140 Seaport Blvd., 617-670-1345, oceanprime.com.

Pastoral

Besides being one of the best places for pizza in Boston, Pastoral is simply one of the most consistent dining options when you’re in the Fort Point area. Chef Todd Winer’s Neapolitan-style pies are rounded out by a bit more wood-fired cookery—from fresh-baked seasoned breads to antipasti and salads with fire-roasted croutons.

345 Congress St., Boston, 617-345-0005, pastoralfortpoint.com.

row 34

Row 34. / Courtesy image

Row 34

What began as the younger, Seaport sibling to Kenmore Square’s iconic (and sadly, now-closed) Island Creek Oyster Bar is now a veteran in its own right. Part of the first wave of restaurants that accompanied early, major new developments in the neighborhood, Row 34 remains a formidable force in its own austere-industrial-cool kind of way. The place still takes plenty of pride in its eclectic craft beer list, not skimping on categories like wild and sour ales. And chef Jeremy Sewall is still a master of seafood prep, whether he’s dealing with whole roasted fish or little crispy oysters in lettuce cups—a longtime menu favorite.

383 Congress St., 617-553-5900, row34.com.

pulled pork sandwich at the Smoke Shop BBQ

Pulled pork sandwich at the Smoke Shop BBQ on Tuesday. / Photo by Melissa Ostrow

The Smoke Shop BBQ

Our reigning title-holder for Boston’s best barbecue continues to grow its red-hot empire: chef Andy Husbands opened his fourth location in Harvard Square during the pandemic, as well as a small station at the West End food court Hub Hall. Honestly, we’d take one on every street corner if we could, so much do we love the award-winning pitmaster’s juicy brisket, outstanding burnt ends, and tasty sides, such as pimento mac ‘n’ cheese. We’re not exactly crying about the extensive whiskey selection, either.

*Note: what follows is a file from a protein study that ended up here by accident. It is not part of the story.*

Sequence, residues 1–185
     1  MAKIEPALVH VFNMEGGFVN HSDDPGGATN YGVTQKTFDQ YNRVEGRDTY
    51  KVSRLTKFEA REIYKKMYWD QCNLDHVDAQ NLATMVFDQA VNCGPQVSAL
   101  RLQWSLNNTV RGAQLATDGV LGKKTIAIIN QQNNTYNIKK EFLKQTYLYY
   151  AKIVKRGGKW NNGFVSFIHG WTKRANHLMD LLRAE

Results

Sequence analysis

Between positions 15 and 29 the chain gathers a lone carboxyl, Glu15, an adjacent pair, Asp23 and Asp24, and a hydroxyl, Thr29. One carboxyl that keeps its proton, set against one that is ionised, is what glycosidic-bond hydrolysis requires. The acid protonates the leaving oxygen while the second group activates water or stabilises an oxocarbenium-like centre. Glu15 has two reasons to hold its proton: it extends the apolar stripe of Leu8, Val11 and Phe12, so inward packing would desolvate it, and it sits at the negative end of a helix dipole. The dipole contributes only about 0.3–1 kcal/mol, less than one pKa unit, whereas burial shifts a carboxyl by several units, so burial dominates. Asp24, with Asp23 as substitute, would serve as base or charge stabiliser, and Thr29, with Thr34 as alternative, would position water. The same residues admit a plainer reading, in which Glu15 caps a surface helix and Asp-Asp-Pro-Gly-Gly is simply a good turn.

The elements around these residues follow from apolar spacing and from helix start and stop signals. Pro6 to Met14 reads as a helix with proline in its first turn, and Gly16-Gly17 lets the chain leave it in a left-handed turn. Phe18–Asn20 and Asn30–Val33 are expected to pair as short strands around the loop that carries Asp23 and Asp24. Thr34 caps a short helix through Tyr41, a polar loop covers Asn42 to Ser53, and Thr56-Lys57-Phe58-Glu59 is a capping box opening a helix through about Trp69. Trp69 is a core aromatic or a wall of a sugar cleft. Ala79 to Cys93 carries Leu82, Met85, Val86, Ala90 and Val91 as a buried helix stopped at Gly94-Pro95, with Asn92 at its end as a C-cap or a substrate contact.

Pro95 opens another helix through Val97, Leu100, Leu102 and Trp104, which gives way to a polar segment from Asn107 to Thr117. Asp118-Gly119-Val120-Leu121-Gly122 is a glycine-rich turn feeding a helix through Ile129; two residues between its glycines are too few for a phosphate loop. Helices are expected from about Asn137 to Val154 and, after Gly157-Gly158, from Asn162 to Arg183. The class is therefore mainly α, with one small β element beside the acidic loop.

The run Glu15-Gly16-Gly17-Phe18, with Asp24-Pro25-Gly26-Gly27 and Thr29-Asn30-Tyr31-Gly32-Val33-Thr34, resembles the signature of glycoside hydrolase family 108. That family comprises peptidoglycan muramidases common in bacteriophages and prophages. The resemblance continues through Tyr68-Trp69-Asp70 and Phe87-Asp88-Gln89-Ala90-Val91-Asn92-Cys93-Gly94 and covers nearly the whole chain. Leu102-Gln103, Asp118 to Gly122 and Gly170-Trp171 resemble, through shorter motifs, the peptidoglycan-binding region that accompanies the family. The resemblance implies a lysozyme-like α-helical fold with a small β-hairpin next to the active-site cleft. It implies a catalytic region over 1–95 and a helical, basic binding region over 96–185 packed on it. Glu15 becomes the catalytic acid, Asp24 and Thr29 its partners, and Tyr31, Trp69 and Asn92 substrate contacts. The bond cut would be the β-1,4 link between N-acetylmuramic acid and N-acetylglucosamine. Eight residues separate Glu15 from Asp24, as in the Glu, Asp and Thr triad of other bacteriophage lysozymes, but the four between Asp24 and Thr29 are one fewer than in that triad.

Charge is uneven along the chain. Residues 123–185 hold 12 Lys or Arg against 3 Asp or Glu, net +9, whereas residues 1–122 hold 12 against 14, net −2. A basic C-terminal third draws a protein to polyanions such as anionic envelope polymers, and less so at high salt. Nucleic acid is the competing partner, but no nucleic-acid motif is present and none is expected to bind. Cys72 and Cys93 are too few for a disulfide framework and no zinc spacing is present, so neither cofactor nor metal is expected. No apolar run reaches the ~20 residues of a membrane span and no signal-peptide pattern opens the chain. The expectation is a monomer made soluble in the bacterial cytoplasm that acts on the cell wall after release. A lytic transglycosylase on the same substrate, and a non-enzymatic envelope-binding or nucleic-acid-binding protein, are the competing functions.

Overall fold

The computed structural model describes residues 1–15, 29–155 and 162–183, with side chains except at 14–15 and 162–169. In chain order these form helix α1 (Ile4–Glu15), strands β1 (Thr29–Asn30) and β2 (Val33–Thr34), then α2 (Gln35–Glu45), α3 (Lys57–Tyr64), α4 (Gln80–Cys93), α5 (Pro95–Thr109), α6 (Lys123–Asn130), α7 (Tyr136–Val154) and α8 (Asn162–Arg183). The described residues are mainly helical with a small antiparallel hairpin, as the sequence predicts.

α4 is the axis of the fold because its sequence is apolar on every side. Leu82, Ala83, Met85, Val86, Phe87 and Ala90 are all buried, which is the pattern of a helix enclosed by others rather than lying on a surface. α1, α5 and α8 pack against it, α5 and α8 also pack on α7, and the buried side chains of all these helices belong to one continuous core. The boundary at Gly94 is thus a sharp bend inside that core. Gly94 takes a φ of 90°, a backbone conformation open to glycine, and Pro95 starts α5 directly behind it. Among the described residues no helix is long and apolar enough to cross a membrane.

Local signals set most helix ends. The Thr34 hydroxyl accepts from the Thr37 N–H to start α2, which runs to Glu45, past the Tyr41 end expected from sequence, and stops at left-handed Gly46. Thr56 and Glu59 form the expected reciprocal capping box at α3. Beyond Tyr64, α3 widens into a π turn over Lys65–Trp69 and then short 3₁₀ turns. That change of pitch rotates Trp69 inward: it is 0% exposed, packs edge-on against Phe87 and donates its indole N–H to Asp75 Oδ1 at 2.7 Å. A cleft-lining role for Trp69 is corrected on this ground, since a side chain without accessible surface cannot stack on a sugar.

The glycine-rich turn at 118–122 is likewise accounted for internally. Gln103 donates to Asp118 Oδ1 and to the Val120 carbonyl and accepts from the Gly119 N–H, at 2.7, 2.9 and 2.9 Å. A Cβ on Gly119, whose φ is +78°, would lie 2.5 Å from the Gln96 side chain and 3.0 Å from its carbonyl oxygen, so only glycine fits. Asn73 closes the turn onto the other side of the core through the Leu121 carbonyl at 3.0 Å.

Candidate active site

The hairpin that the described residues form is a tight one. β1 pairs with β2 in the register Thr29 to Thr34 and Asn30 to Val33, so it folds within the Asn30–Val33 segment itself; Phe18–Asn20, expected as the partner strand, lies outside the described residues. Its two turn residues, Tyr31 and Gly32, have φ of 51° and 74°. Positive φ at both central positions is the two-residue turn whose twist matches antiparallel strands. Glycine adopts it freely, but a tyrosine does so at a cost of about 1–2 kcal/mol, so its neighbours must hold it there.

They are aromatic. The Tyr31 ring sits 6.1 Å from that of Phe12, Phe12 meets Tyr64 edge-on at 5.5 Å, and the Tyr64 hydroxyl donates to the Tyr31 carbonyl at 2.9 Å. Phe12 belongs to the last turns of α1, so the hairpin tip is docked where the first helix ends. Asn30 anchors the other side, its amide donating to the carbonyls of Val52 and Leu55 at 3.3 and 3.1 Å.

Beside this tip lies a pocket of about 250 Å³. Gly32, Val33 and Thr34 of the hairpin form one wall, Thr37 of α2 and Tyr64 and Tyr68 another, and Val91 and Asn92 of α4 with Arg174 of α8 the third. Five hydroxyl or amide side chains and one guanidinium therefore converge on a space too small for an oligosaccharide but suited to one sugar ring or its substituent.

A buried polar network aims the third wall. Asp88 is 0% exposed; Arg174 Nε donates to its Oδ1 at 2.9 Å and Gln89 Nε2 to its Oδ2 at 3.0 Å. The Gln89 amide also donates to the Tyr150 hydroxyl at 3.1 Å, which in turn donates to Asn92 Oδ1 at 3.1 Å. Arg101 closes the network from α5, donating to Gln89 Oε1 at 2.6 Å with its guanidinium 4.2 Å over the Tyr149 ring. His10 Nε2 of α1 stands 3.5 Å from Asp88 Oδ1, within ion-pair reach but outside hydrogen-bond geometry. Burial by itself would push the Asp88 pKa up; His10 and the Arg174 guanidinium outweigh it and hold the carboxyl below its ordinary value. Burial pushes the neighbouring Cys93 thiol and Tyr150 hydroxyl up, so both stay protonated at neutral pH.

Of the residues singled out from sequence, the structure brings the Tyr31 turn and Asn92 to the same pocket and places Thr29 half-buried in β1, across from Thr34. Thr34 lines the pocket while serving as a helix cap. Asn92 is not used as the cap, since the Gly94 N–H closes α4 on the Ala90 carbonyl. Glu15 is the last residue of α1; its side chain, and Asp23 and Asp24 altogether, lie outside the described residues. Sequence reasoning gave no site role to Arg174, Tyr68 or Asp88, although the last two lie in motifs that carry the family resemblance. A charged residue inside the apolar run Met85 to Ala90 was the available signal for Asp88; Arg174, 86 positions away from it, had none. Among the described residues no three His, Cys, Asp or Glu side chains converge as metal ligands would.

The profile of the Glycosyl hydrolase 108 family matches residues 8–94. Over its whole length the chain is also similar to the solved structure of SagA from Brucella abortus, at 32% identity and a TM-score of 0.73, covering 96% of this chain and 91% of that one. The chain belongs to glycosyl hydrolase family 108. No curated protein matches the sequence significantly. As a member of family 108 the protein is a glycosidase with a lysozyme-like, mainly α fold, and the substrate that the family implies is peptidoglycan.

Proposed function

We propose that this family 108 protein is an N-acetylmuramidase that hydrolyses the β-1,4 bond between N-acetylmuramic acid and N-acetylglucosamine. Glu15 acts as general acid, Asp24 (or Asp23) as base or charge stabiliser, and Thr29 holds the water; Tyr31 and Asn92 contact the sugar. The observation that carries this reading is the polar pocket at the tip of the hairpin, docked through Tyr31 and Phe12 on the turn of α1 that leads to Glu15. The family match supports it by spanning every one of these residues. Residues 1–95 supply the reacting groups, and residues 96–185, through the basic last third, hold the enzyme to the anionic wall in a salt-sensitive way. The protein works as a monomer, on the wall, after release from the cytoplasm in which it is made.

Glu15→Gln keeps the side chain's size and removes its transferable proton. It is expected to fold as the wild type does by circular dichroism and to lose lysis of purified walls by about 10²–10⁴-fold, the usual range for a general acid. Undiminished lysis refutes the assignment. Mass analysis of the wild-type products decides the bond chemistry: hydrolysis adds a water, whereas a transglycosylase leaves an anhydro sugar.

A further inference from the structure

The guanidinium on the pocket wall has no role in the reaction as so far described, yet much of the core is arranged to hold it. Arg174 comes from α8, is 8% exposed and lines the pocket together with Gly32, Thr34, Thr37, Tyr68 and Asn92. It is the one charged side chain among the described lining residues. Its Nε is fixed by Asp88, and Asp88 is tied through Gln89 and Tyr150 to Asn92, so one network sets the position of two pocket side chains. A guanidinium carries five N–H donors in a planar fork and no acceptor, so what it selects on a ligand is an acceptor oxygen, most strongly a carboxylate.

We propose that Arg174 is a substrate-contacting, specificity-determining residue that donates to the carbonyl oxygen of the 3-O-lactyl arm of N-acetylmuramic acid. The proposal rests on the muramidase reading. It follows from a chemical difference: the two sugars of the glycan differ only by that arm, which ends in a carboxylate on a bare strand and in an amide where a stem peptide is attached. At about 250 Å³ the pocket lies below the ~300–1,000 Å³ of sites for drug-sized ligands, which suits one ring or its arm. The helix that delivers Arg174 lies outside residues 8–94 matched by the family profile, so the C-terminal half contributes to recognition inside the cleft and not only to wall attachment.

343 Congress St., 617-261-7427, thesmokeshopbbq.com.

Sportello. / Photo by Brian Samuels Photography

Sportello

Esteemed restaurateur Barbara Lynch was the first major name to bank on the then-burgeoning Fort Point-Seaport area when she opened Sportello—as well as its neighboring cocktail den, Drink—in 2008. A couple years later, she rolled out Menton as well, a fine-dining stalwart that survived a pandemic and is back to serving $190 tasting menus. While both restaurants have attained anchor status in the area, Sportello is still the sibling that keeps us coming back the most for superlative house-made pasta, from classic tagliatelle bolognese to decadent braised rabbit strozzapreti, plus other Italian trattoria-inspired dishes in a modern space with a spiffy, counter-style setup. Oh, and we can actually afford it without using the company credit card.